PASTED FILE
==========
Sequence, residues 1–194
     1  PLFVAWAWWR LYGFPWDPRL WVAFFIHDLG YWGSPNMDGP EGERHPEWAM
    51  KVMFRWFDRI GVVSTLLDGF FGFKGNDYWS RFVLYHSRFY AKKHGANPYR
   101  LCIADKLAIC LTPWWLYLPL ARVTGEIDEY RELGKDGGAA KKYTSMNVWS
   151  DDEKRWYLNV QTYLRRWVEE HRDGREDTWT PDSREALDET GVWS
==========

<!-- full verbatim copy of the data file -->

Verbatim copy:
Sequence, residues 1–194
     1  PLFVAWAWWR LYGFPWDPRL WVAFFIHDLG YWGSPNMDGP EGERHPEWAM
    51  KVMFRWFDRI GVVSTLLDGF FGFKGNDYWS RFVLYHSRFY AKKHGANPYR
   101  LCIADKLAIC LTPWWLYLPL ARVTGEIDEY RELGKDGGAA KKYTSMNVWS
   151  DDEKRWYLNV QTYLRRWVEE HRDGREDTWT PDSREALDET GVWS